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Month: May 2018

Melatonin For Children? A Guide for Parents

Pediatricians  frequently recommend melatonin for children with sleep problems, or parents might try it themselves. However, the proper use of melatonin is frequently misunderstood. Here is a guide for parents and pediatricians to decide if a child should try it, and to understand how it should be used.

A common thread I find in children coming to Sleep Clinic is that many or all of them have been on melatonin at some point, or are taking it currently. Melatonin is an important tool in the treatment of sleep disorders in children, and because it is naturally derived, there is a widespread perception that it is safe. However, I have become concerned by the frequency of its use, especially in an unsupervised way.

Melatonin sales have doubled in the past ten years, increasing from $90 million in 2007 to $260 million in 2012. I worry that the widespread availability of melatonin has led to some parents using it as a shortcut to good sleep practices. An article in the Wall Street Journal (which also provided the sales figures above), quoted a father’s review on Amazon:

OK, yes, as parents my wife and I should do a better job starting the bedtime routine earlier, turning off the TV earlier, limiting sweets, etc., etc. Well, for whatever reason, this is not our strong

Can Ambien Side Effects Really Make You Racist and Crazy?

After Rosanne’s tweets today, a lot of people have, predictably, been sending me messages asking if it is ok to take Ambien.

I want to start by saying that the comments made by Rosanne Barr, comedienne or not, were flat out disgusting.

But that is not what I am here to talk to you about.

I want to talk about the example that was put forward recently by this “Tweet”. Today Mrs. Barr released a statement saying that she was “ under the influence of Ambien” and could not be held responsible for her tweet. To be very clear, Ambien is a serious but SAFE medication.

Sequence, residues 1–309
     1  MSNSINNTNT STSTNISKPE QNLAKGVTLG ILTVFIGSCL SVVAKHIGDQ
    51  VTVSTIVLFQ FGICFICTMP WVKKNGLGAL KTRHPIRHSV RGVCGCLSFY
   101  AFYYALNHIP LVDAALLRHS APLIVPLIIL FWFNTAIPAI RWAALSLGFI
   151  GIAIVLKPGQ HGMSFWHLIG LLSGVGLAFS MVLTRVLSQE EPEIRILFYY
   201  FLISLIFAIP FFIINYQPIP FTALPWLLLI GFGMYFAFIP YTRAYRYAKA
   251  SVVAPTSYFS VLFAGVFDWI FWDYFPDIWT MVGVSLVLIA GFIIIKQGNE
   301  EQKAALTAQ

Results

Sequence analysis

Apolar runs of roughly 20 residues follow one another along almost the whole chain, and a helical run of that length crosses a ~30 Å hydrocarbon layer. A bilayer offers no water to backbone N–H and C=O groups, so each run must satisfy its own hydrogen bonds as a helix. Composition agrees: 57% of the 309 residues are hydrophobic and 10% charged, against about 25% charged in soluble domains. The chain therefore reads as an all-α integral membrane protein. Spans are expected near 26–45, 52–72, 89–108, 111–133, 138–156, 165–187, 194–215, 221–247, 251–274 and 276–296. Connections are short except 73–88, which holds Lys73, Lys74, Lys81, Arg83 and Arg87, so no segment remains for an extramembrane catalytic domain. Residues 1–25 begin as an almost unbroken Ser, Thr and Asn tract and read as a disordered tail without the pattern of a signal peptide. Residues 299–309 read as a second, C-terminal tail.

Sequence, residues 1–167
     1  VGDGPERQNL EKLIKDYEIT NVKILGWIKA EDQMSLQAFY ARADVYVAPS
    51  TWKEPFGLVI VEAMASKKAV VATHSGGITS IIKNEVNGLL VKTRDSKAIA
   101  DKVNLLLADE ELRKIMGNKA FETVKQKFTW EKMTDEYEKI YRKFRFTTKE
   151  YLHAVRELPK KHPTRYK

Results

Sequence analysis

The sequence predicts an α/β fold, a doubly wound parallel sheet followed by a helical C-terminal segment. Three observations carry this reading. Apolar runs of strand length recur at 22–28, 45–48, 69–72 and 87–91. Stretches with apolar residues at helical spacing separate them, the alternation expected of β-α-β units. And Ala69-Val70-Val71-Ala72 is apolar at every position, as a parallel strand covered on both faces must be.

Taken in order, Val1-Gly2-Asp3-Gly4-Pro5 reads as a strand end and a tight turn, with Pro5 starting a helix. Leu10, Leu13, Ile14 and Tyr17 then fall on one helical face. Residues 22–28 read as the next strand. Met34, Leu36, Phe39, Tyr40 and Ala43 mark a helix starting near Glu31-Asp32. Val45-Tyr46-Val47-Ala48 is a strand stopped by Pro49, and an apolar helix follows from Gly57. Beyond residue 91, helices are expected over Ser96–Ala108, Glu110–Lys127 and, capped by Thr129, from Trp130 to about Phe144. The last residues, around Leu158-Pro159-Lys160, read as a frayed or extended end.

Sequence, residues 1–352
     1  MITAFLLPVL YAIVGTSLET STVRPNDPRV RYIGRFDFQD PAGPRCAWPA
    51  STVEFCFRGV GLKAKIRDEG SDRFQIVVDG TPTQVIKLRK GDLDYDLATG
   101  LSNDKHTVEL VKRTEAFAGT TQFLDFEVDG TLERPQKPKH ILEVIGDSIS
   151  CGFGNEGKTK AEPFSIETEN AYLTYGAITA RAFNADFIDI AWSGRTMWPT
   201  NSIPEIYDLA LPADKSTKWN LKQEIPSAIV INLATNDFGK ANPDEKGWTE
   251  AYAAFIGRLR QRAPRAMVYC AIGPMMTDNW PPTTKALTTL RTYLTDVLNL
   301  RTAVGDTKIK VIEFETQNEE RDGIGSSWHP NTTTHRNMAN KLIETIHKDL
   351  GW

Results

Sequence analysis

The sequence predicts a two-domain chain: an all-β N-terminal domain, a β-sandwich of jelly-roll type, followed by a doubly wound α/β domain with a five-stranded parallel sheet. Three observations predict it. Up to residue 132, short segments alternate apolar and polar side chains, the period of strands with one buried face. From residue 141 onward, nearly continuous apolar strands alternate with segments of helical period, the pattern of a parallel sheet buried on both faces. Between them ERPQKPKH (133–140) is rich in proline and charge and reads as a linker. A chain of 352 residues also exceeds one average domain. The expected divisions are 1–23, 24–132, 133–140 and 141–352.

If you’ve been reading a while, you know I want to help everyone sleep better and that pharmaceuticals are not my favorite, but 95% of my patients show up using them when we first meet. These are medications that have been available for 20 years and are good drugs, generally, if taken as prescribed by your doctor, and are not mixed with Alcohol, etc. But when you look at the actual effects of Ambien on a person’s emotional state, mood, etc here is what we know. These medications reduce a person’s inhibitions. Just like alcohol, a person might say or do something that they normally may want to do, or say but do not. …

What is the “Ferber Method?”

“The Ferber Method” is probably the most widely recognizable strategy for getting a baby to sleep through the night, and with good reason. It works.

However, it has also met with no small amount of controversy from critics who say that allowing a child to cry, even for a short period of time, can cause elevated stress levels and hurt the bond between babies and parents. (Evidence points to the contrary, but that’s a debate for another time.)

Today, I’ll explain exactly what the Ferber method involves and how it differs in one essential way from the Sleep Sense Program.

Rather read than watch? Click here.

RhinoMed’s Mute to Be Stocked in 3,000 New Pharmacies Across United States

Australian nasal and respiratory technology company Rhinomed has entered into a new distribution agreement with, and received an initial order for stock from a new retailer. The retailer is one of America’s largest pharmacy retailers.

These purchase orders confirm that the company’s anti-snoring nasal dilator Mute will be stocked on the shelves of an additional 3,000 pharmacies across the United States. This agreement grows Rhinomed’s global store base to over 10,000 stores across three continents.

There are limitations under the order arrangements on the disclosure that Rhinomed can currently provide, but it can provide the following information:

  • Details regarding the identity of the retailer will be announced in line with stock appearing on shelf in the USA in July/August.
  • The company has now received the initial opening order of 6,000 units and expects more orders to follow.
  • Revenues from this new retail channel are not expected to impact the business until FY19 Q2 at the earliest.
  • The agreement has no fixed term and can be terminated by either party.